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After complaining about his attorneys and a judge in local media, a Missouri man accused of murder entered a surprising guilty plea on the morning when opening statements were set to be delivered in his trial.
Timothy Banowetz, 30, was accused of crossing state lines with the intent to rob prominent attorney Randy Gori, 47, at his Edwardsville, Illinois mansion, according to St. Louis’s KMOX. Banowetz created a “to-do” list, including plans to set Gori’s house on fire with the victims inside.
On Jan. 4, 2020, investigators say Banowetz approached Gori and his two sons with a fake gun after the trio returned home from dinner, according to KMOV 4. The defendant zip-tied the family and forced them into the garage while he ransacked the home. A witness then arrived at the residence.
“We believe at that point, Banowetz, enraged that his plan was falling apart, viciously stabbed Randy Gori in the basement of his home,” said Madison County State’s Attorney Tom Haine, according to KMOV. “His children were not present for this, thank God.”
Prosecutors believe Gori’s last act was to lead Banowetz to the basement, distancing the intruder from his children, according to KMOV. Gori was stabbed multiple times, and his throat slit.
“In my 22-year career as a law enforcement official, I [have] seen a lot of gruesome cases,” said Madison County Sheriff's Office Capt. David Vucich in a news release. “But this one elevates to the top of heinous and senseless crimes.”
Banowetz made off with the children’s cell phones, between $4,000 and $5,000 cash, and Gori’s 2020 Rolls-Royce, according to KMOV. Investigators found Banowetz’s truck not far from the Gori residence. While examining the vehicle, Banowetz appeared from out of the woods with blood on his shirt.
Prosecutors say Banowetz dropped a note at the scene, which contained a “to-do” list detailing his plans to rob Gori.
Items included, “Watch with binoculars from woods. Use gun and knife to subdue. Zip tie hands and duct tape mouth. Have withdraw $4-$6 million from the bank. Kill all of them and take zip ties and duct tape off. Burn bodies and house.”
“I don’t think you need me to admit to anything,” Banowetz told detectives while in custody, according to KMOV. “You guys already have what you need.”
Haine said evidence subsequently found on Banowetz’s computer was “disturbing.” He also said there was no prior relationship between Banowetz and Gori.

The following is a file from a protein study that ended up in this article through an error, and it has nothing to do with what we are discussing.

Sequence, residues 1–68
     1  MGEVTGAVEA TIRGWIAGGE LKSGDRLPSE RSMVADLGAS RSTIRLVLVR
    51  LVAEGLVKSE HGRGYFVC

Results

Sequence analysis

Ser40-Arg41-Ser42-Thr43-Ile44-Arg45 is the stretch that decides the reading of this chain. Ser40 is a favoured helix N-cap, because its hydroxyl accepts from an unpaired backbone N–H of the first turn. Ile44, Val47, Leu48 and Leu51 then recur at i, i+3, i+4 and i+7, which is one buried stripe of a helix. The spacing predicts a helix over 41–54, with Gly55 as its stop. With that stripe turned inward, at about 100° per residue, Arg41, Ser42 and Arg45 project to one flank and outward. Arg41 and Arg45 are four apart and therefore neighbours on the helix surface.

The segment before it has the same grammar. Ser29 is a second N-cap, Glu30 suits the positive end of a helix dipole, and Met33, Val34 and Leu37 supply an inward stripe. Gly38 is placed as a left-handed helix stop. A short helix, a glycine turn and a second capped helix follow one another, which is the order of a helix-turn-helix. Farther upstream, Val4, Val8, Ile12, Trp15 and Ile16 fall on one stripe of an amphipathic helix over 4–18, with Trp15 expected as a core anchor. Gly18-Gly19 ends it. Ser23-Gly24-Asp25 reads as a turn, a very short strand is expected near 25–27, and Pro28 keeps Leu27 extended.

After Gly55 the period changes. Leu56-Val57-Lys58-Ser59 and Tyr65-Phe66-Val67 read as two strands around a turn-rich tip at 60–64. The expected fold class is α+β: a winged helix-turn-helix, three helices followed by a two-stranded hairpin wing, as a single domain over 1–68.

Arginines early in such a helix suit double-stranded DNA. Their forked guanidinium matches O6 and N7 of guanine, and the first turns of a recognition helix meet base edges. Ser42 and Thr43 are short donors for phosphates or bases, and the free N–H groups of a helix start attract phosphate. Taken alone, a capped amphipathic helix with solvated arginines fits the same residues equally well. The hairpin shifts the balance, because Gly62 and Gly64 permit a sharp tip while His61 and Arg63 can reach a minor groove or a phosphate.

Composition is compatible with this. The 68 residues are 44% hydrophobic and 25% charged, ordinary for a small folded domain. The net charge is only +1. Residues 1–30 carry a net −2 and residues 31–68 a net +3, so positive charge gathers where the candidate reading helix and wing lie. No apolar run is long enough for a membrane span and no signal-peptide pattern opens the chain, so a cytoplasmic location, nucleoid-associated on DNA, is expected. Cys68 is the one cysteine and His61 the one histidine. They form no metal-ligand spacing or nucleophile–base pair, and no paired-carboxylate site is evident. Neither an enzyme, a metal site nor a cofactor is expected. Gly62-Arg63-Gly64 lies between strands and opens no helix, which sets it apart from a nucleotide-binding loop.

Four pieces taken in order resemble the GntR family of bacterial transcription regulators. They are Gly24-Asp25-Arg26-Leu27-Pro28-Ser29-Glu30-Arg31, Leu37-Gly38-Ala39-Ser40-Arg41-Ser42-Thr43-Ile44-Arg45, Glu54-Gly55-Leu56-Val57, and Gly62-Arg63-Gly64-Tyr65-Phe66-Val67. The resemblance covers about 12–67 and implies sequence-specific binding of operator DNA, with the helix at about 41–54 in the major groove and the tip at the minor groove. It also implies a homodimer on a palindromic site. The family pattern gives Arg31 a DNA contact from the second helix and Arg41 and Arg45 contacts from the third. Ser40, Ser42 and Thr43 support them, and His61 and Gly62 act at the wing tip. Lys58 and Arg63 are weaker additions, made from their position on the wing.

“The evidence tells a simpler tale,” said Haine, according to KMOV. “Greed and envy in a warped mind, which caused a terrible cold blood murder for money.”
Investigators found evidence that Banowetz googled, “What does $1 million look like,” shopped for zip ties online, and viewed photos of Gori’s children on their social media accounts.
Vucich stated that Banowetz acted alone.
“The defendant can best be described as having a transient and nomadic lifestyle,” said Vucich, who claimed to personally know Gori, referring to him as a generous man who would be missed.
Prosecutors painted Banowetz, a student at St. Louis College of Pharmacy, as a man desperate to pay off his student loans totaling $11,000, according to KMOX.
The state charged Banowetz with three counts of first-degree murder, three counts of armed robbery, auto theft, and three counts of aggravated unlawful restraint, according to court records.
Since then, Banowetz has been vocal about his frustrations with the presiding judge and the attorneys assigned to his case. He contacted KMOV and sat for a jailhouse interview, alleging he couldn’t get a fair trial because Judge Kyle Anne Napp accepted monetary contributions from the victim.
“Someone told me the judge took money from them,” Banowetz said in the interview. “That’s a conflict of interest.”
KMOV reported that Judge Napp, in fact, did take more than $40,000 in campaign contributions from Gori, his family and his law firm. The St. Louis news outlet also acknowledged that Gori paid KMOV for TV advertising.
Banowetz also expressed his frustration with his attorneys, claiming they could be doing more.
“I should have seen some evidence, maybe work on a defense strategy,” Banowetz told KMOV. “I might just have to represent myself, but that might be better than the only advice I’ve gotten right now is to plead guilty and go away.”
On Tuesday morning, minutes before opening statements were set to begin, Banowetz’s public defender, Mary Copeland, announced her client wished to enter a plea of guilty.
Banowetz faces a maximum of 70 years behind bars.
“We will be arguing for that maximum number,” said Haine, according to KMOV. “So for all practical purposes, he will never see the light of day as a free man again.”
A sentencing hearing has yet to be scheduled.